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The earliest flashpoint in the crisis was the pandemic’s exposure of a fragile payment ecosystem. Corporate travel agencies were, and still are, caught in the middle.
Let’s rewind the clock. As soon as airlines entered survival mode, the trouble began as they failed to refund passengers as well as their travel agency partners.
“This is in contravention of IATA ruling 824r. These airlines are instead offering vouchers which prevent the BTA’s member travel management companies from refunding their corporate traveller customers,” said the UK’s Business Travel Association CEO, significantly ahead of the curve in March this year.
The net result? Catastrophic cashflow problems, made worse for those agencies that had paid up front for client travel (a business practice itself that ought to change, according to some).
The refunds are slowly being processed, but with airlines accused of being “light years away from the reality of what is happening around us,” and facing legal threats, the International Air Transport Association will need to address this once the dust settles.
Another practice to be exposed was the transaction fee. Most corporate travel agencies charge a set amount per booking, and corporate clients on the whole seem to like it. Procurement teams find it’s a simple way to approach to budgeting, allocate costs to various departments. Agencies get to wrap in all the other services they provide, like policy advice, traveler tracking and admin, into that single fee.
But when the business trips stopped — so too did their revenue. The situation was made worse by the fact that many travel agencies weren’t able to take advantage of financial compensation to temporarily lay off workers because their staff were needed to claw back airline refunds, or process unwieldy amounts of credit vouchers.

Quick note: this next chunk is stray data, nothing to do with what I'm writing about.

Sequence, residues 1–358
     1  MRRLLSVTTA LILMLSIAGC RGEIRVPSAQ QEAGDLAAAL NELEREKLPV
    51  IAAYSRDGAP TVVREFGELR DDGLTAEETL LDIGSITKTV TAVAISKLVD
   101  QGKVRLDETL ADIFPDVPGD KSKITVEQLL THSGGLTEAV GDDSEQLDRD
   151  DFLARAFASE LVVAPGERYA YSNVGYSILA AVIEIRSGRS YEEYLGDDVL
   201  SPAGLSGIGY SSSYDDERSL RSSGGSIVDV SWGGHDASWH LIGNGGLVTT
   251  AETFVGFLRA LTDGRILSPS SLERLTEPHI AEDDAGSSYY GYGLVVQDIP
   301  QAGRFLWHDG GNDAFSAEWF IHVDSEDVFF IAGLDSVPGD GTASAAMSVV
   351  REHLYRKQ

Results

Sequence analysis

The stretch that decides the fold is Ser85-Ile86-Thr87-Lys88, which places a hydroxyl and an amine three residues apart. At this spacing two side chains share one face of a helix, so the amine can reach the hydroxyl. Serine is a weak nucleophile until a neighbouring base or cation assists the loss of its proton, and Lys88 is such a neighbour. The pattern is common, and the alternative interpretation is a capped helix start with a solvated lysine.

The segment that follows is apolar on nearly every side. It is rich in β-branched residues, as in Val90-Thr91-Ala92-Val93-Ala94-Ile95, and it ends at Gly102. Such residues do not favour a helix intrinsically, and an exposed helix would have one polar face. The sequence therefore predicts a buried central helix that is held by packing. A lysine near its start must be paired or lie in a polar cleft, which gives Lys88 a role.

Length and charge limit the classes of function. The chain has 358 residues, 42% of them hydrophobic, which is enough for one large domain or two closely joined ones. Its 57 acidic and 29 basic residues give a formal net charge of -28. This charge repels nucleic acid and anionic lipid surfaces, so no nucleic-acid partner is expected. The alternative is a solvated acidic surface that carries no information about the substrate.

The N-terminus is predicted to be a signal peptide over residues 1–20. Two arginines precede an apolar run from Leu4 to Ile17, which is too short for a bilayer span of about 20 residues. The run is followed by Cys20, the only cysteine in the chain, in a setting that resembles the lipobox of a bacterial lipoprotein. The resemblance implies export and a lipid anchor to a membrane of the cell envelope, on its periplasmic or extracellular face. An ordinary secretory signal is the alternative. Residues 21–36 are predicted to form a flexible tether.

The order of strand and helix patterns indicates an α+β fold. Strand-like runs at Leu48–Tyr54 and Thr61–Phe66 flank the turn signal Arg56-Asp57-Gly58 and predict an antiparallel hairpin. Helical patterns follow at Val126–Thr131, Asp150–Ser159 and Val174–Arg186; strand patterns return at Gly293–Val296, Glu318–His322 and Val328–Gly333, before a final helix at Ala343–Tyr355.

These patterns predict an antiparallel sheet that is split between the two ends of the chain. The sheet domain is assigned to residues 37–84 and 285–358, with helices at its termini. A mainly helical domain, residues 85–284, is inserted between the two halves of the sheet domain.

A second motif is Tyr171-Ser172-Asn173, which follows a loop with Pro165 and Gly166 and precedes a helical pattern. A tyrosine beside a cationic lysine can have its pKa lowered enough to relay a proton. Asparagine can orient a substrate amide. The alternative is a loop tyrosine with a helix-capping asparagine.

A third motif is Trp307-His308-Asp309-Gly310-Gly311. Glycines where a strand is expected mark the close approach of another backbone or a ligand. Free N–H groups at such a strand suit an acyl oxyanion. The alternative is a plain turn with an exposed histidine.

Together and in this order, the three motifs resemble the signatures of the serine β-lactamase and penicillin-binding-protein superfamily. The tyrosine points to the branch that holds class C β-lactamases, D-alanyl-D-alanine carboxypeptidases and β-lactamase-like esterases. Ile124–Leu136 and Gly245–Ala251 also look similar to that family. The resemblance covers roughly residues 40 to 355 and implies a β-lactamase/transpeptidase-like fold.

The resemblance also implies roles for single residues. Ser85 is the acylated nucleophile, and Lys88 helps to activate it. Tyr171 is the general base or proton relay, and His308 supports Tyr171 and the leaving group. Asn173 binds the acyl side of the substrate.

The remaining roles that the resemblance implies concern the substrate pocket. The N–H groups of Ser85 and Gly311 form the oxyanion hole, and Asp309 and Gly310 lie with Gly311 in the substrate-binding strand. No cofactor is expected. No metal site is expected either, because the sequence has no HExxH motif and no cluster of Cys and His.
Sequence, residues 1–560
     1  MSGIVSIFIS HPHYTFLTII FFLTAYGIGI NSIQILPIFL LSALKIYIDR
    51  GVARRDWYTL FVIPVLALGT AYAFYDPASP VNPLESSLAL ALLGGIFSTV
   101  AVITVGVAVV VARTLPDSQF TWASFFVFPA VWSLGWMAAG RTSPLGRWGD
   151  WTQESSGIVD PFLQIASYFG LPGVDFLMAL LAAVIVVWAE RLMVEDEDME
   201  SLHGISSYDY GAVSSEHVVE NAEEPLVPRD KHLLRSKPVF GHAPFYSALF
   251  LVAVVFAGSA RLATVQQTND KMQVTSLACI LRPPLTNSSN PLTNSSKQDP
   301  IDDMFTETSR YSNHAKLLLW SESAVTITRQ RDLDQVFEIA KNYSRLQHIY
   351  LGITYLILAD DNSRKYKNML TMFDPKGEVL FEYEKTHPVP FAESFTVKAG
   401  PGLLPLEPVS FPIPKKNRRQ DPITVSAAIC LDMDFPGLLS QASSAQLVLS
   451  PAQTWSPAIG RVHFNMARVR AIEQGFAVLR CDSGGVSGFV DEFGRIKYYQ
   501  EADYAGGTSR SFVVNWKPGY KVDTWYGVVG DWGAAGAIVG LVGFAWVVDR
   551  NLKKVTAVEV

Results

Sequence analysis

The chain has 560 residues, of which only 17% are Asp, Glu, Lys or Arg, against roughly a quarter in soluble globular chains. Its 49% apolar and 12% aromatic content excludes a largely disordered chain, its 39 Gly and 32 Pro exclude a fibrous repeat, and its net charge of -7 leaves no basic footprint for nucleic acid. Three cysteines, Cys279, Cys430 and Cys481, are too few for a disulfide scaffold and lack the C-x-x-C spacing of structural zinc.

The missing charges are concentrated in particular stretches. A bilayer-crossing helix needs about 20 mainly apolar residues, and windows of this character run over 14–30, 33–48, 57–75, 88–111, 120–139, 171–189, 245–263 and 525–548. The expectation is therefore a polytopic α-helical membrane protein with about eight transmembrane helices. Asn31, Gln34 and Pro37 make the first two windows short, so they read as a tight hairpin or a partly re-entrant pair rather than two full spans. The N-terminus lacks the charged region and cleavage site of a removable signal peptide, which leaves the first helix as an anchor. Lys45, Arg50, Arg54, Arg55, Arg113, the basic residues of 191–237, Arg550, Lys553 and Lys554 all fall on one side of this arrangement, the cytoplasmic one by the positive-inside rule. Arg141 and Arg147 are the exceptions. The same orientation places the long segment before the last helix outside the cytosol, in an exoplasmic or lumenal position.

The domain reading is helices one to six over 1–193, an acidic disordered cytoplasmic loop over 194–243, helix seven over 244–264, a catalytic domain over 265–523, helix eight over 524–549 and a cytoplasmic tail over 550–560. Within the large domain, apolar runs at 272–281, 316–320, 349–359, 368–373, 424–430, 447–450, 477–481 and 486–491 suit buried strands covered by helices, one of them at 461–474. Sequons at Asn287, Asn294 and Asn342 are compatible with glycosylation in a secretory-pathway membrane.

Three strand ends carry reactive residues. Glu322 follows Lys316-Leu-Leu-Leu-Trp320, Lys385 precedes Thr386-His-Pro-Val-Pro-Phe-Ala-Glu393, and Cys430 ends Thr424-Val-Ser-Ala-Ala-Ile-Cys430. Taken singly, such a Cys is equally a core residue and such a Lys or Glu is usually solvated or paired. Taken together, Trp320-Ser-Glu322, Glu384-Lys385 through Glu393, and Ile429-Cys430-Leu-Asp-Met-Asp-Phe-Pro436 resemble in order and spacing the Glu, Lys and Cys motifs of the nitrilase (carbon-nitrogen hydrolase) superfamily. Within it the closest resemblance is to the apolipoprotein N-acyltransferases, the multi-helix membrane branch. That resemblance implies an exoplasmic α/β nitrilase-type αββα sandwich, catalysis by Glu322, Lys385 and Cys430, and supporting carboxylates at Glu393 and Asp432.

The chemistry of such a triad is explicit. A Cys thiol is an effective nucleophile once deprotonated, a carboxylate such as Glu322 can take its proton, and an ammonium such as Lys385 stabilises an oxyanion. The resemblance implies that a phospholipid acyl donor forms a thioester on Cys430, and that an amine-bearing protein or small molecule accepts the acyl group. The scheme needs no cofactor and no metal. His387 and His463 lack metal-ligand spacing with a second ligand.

In the UK, travel agents and tour operators have been worst hit by the pandemic compared to any other services sector, according to the Office for National Statistics, as the chart below demonstrates.
Despite the blow dealt to the agencies, their calls for sector-specific state aid fell on deaf ears.
In 2021, it will be time to reboot the model and agencies shouldn’t shy away from charging for their expertise. Giants like Microsoft are willing to embrace new ways of working, as they see the benefits in supporting industry partners, while some are already taking the bold step of starting a subscription model.
Transaction fees may even be on their way out if more businesses consider “open booking” policies.
Corporate travel agencies sit at so many different intersections with other parts of the wider travel industry. Rather than be at their mercy, conversations are needed about how the money flows in a more equitable manner.